In the second volume of this epic work, John H. Gill traces Napoleon's progress as he sought to complete his victory over the Habsburgs. The war had erupted on April 10th with Austria's invasion of Germany and Italy. After just two weeks, Napoleon had battered the Habsburg Archduke Charles in a series of bruising defeats.
This volume begins with a Napoleon astride the Danube at Regensburg. He faced a critical strategic choice - whether to pursue the injured Austrian main army into Bohemia or march directly for Vienna, the seat of Habsburg power.
After electing to target Vienna, his troops defeated the Austrians in the brutal Battle of Ebelsberg, allowing him to enter the city on May 13th. But meanwhile, on the far side of the Danube, he suffered a dramatic loss at the gruelling, two-day Battle of Aspern. While his Danube forces recovered from this setback, the Emperor cleared trouble from his strategic flanks.
Gill describes in vivid detail the hopeful Habsburg invasion of Italy, led by the 27-year-old Archduke Johann, and the fierce French counter-offensive under Napoleon's stepson, Eugene de Beauharnais (also aged 27). In a series of encounters across Italy, de Beauharnais rebounded from initial defeat to advance triumphantly into Austrian territory, shattering and scattering Johann's army. In the wake of Aspern, while the Austrians vacillated, Napoleon gathered every man, horse and gun around Vienna, setting the stage for the gigantic spectacle of the Battle of Wagram, the final chapter in the story of the 1809 war.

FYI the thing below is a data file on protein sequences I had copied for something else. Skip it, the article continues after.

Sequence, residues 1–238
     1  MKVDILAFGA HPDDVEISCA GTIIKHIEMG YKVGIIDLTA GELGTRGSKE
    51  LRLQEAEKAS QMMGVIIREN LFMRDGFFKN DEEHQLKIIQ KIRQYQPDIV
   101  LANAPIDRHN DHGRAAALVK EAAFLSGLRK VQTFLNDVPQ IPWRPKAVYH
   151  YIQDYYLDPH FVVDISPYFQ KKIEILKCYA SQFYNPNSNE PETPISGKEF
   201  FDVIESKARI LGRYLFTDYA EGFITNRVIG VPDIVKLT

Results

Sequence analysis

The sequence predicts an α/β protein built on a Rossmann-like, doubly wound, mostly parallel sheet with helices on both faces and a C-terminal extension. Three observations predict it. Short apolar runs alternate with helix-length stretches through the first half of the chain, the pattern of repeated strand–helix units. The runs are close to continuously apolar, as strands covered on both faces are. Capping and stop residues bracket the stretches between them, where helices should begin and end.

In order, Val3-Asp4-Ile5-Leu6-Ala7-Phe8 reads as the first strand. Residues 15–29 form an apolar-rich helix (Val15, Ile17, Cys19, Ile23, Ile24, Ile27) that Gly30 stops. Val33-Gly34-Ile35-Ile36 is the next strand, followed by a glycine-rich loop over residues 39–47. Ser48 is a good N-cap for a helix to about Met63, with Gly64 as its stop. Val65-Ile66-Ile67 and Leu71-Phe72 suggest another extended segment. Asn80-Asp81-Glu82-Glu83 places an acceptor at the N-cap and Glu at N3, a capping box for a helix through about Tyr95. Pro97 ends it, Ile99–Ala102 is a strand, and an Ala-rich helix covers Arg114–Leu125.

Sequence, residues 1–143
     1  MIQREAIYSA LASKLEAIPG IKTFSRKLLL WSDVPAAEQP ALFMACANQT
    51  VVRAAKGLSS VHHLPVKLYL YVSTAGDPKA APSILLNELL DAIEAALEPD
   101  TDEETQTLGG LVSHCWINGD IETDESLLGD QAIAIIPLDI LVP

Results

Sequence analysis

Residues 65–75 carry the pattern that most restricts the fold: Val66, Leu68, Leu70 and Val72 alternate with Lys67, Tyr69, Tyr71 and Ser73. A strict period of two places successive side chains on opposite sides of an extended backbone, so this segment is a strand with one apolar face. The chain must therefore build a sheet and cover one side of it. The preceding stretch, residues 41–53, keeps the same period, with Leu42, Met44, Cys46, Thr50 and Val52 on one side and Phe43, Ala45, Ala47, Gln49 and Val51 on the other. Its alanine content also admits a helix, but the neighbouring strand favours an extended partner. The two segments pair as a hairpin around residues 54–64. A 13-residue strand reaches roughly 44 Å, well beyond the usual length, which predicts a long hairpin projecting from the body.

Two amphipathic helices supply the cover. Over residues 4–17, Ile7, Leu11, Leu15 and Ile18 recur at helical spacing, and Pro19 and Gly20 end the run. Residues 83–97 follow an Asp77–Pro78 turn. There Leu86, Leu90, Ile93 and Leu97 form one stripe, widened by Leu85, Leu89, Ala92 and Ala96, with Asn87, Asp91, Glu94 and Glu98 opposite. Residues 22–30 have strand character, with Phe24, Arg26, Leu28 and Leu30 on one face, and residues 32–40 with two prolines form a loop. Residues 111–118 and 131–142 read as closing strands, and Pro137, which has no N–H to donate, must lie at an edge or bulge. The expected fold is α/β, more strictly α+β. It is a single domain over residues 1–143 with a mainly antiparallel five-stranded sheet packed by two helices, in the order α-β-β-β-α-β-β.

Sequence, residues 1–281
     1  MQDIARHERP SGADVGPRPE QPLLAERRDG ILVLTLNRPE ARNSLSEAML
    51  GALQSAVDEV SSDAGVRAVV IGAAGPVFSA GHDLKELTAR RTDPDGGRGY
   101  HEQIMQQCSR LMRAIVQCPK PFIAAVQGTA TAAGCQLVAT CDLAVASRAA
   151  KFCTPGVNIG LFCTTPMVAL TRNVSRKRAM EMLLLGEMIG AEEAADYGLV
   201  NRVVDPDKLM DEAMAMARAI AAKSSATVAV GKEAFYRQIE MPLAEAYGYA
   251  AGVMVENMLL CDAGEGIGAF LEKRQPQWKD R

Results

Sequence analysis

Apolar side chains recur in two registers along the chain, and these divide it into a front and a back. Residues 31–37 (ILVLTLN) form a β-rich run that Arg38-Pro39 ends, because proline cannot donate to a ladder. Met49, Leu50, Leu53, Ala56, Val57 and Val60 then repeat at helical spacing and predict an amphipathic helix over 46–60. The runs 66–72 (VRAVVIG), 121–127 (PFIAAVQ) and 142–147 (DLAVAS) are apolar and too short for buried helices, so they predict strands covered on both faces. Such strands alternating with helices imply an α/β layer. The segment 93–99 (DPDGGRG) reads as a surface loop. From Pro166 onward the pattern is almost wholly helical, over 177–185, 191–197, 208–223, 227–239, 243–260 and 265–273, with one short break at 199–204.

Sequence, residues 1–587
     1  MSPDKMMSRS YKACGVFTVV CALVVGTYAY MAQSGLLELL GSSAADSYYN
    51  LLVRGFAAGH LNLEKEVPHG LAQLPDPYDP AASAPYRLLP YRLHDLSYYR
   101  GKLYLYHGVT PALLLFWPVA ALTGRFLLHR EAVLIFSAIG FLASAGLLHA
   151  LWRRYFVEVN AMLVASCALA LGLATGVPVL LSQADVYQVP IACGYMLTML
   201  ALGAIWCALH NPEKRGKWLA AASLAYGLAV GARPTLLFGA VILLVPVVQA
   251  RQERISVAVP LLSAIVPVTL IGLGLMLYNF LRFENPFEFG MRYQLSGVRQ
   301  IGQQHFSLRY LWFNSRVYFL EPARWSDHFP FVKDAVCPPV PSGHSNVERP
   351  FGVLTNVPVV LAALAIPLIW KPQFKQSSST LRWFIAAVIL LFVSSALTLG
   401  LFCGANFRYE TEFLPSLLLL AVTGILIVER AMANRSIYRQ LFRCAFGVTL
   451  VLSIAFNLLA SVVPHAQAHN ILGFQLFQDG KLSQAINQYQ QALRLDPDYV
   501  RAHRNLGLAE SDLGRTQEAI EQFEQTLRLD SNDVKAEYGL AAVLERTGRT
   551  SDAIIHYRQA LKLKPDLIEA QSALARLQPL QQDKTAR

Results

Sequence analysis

I Survived Didn't I?
Edited & Introduced by: Joy M. Cave
Contest for Liberty
By: Seanegan P Sculley
The Nivelle Offensive and the Battle of the Aisne 1917
By: Andrew Uffindell
Southern and West Country Airfields of the D-Day Invasion
By: Peter Jacobs
Doncaster in the Great War
By: Symeon Waller
Supporting Tunnelling Operations in the Great War
By: Damien Finlayson
Bletchley Park Codebreakers
Edited by: Ralph Erskine
Wargames Terrain and Buildings
By: Tony Harwood
Fighters over the Fleet
By: Norman Friedman